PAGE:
Japan donates over US $1,468,000 to Mine Action in South Sudan
Currently 361 separate and distinct sites across the country are thought to be contaminated by landmines, cluster munitions, and other explosive hazards
Explosive hazards pose a direct threat to the physical safety of the South Sudanese and erode people’s coping mechanisms by restricting access to basic infrastructure
The Government of Japan has contributed US $1,468,374 to the United Nations Mine Action Service (UNMAS), for the mine action project “Enabling Humanitarian Operations and Enhancing National Institutional Capacity for Sustainable Mine Action in South Sudan.” Since 2011, Japan has contributed more than US $15 million to mine action operations in South Sudan, enabling the clearance of over 3.2 million sqm of land (equivalent to approximately 458 football pitches with the potential to produce an estimated 350 tonnes of maize annually), the removal of 20,626 items of explosive ordnance, 341,608 bullets, and the delivery of Mine Risk Education to 213,148 people, including 136,349 children.
The Revitalized Agreement on the Resolution on the Conflict in the Republic of South Sudan (R-ARCSS), signals a new era in South Sudan, however, the humanitarian crisis remains dire as an estimated 7.1 million people are reportedly in need of emergency and life-saving assistance. Currently 361 separate and distinct sites across the country are thought to be contaminated by landmines, cluster munitions, and other explosive hazards, threatening the safety and security of civilians, including nearly 1.9 million internally displaced persons (IDPs) and returnees. Explosive hazards pose a direct threat to the physical safety of the South Sudanese and erode people’s coping mechanisms by restricting access to basic infrastructure, social services, and livelihood activities, as well as hindering socioeconomic development. However, with the enhanced capacity of national mine action institutions, it is now realistic to envisage a transfer of responsibility from UNMAS to the National Mine Action Authority (NMAA) in the next three to five years.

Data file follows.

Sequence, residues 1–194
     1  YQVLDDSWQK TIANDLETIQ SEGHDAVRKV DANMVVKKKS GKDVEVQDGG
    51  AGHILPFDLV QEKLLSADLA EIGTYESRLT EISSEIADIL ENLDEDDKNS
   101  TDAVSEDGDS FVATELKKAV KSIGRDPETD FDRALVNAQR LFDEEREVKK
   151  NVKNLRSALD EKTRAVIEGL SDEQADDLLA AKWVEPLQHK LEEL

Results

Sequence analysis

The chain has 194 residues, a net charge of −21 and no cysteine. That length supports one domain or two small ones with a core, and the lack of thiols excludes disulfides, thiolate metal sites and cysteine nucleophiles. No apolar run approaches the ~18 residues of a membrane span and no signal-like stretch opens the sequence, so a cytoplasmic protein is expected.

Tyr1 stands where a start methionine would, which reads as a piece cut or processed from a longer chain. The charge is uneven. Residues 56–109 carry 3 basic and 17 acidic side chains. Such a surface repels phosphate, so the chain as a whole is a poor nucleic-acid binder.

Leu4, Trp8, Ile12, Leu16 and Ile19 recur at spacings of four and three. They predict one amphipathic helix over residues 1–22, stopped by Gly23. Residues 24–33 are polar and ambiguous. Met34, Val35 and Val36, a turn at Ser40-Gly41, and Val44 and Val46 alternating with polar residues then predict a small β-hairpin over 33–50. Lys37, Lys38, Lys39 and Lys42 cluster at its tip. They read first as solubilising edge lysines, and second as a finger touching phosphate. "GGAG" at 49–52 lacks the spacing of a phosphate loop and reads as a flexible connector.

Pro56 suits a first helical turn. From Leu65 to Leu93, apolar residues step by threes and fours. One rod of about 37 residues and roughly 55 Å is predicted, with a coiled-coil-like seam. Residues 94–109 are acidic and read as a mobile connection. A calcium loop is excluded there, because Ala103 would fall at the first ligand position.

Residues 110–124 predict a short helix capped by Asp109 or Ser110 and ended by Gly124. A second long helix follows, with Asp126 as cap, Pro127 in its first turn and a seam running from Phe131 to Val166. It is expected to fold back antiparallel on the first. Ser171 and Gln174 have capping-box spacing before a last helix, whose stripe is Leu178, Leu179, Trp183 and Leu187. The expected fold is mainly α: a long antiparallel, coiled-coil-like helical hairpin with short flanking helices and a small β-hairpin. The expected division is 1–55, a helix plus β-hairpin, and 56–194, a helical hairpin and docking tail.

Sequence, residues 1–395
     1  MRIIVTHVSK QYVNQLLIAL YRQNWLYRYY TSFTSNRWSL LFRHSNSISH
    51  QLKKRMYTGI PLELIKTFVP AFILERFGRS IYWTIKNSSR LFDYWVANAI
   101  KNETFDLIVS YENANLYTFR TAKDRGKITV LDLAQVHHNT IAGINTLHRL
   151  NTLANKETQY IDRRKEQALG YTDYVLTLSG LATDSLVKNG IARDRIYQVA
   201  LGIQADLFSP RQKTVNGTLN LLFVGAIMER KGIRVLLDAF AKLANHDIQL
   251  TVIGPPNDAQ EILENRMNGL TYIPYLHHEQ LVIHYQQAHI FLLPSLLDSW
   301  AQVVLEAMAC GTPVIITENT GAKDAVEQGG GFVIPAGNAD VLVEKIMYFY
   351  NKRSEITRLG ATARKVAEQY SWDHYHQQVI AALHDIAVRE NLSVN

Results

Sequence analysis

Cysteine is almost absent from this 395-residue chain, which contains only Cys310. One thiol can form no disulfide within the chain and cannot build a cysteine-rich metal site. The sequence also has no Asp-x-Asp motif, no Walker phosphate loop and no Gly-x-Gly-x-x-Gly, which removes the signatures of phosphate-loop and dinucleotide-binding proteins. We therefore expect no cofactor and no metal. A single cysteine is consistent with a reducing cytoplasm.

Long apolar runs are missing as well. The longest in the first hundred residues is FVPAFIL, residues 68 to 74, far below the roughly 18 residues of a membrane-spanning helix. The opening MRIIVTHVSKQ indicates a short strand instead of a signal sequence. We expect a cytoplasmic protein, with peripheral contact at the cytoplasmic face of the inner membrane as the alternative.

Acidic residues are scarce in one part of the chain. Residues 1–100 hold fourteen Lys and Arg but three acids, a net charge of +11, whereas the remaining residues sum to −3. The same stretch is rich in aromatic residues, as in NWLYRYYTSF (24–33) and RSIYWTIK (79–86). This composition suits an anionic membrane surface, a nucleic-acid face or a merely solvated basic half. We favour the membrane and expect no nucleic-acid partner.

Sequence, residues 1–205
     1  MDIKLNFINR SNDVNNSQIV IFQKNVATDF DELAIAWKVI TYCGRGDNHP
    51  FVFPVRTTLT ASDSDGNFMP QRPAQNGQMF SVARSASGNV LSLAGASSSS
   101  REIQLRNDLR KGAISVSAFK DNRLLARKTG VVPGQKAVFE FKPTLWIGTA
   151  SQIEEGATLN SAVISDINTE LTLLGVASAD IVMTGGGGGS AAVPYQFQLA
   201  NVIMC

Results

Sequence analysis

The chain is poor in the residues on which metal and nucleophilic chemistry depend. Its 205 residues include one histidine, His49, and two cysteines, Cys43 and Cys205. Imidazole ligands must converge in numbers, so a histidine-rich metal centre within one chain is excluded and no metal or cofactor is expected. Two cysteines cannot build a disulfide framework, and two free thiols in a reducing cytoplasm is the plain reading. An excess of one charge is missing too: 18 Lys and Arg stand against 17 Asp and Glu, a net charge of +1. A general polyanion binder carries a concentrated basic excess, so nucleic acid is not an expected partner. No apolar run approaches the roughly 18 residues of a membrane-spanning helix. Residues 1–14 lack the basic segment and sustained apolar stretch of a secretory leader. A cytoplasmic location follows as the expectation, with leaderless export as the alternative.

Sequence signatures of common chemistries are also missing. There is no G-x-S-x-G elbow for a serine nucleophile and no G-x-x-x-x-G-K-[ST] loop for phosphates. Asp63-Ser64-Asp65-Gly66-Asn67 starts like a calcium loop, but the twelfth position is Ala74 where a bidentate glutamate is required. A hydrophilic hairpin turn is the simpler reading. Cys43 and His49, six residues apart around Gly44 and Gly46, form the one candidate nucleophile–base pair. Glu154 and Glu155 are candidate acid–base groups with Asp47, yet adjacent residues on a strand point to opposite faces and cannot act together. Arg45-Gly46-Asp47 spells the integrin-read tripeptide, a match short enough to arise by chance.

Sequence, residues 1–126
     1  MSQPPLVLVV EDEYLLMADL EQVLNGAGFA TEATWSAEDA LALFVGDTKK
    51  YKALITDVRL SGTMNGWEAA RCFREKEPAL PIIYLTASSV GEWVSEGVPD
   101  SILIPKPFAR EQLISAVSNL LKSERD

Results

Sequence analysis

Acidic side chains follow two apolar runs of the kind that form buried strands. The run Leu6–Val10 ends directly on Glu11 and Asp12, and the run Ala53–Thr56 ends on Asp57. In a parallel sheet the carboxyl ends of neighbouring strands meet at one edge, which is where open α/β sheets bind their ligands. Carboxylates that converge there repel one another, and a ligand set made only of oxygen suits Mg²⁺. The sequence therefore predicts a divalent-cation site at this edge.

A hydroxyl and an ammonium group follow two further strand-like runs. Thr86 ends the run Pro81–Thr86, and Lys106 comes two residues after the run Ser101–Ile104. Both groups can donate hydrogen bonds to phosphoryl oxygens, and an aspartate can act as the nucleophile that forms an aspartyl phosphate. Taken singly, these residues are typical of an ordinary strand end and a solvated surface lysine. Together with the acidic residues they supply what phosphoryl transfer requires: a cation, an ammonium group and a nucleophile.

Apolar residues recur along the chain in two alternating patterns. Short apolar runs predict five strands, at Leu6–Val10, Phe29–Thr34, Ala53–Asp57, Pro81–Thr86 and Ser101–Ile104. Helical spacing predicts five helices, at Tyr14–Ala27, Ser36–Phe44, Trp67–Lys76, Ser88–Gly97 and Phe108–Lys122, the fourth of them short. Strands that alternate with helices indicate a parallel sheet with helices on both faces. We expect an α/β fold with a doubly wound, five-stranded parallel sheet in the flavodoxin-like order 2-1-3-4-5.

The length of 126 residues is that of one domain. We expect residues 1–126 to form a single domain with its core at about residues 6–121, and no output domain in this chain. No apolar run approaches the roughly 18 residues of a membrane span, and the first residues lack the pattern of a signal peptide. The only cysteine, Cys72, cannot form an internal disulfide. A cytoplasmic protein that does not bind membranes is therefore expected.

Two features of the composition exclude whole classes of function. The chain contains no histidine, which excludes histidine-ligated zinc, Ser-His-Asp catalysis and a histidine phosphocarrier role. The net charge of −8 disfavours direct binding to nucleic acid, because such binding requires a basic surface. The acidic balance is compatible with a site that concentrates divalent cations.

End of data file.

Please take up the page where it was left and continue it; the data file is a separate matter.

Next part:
Continued funding from the people of Japan will support two Mine Action Teams (MATs) to mitigate the impact of explosive hazards, through survey and clearance as well as the provision of Mine Risk Education for conflict-affected populations, while simultaneously enhancing national institutional capacity for sustainable mine action through the provision of a series of capacity building trainings and support for the NMAA in generating advocacy opportunities.
The Ambassador of Japan to South Sudan, H.E. Mr. Seiji Okada stated, “The Government of Japan has been supporting UNMAS as one of the largest donors, because of the importance of its work. In South Sudan, assuming the successful implementation of the Peace Process and with the expectation that many refugees and IDPs will go back to their own villages, the UNMAS project is very timely. UNMAS ensures safety for returnees from refugee camps, POCs and collective centers to their own villages, and also clears land nearby the villages for agriculture sites. This is one of the important preconditions for returns to happen.”
Mr. Richard Boulter, the Programme Manager of UNMAS in South Sudan, stressed the importance of the support from the Government of Japan, saying, “UNMAS appreciates Japan’s strong initiative as a steady, reliable, and encouraging partner for humanitarian mine action in South Sudan. Japan has continued to support risk mitigation of explosive hazards through survey, clearance, and risk education, and enabling UNMAS to work with the Government of South Sudan, through the NMAA. This year’s increased support will maintain mine action as a critical enabler of humanitarian aid and a strong promoter of Sustainable Development Goals (SDGs).”
The US $8.298 million contribution from the people of Japan to UNMAS for this year will benefit mine action programmes in six countries, including Afghanistan, Iraq, Somalia, Sudan, and Syria as well as South Sudan.
Distributed by APO Group on behalf of United Nations Mission in South Sudan (UNMISS).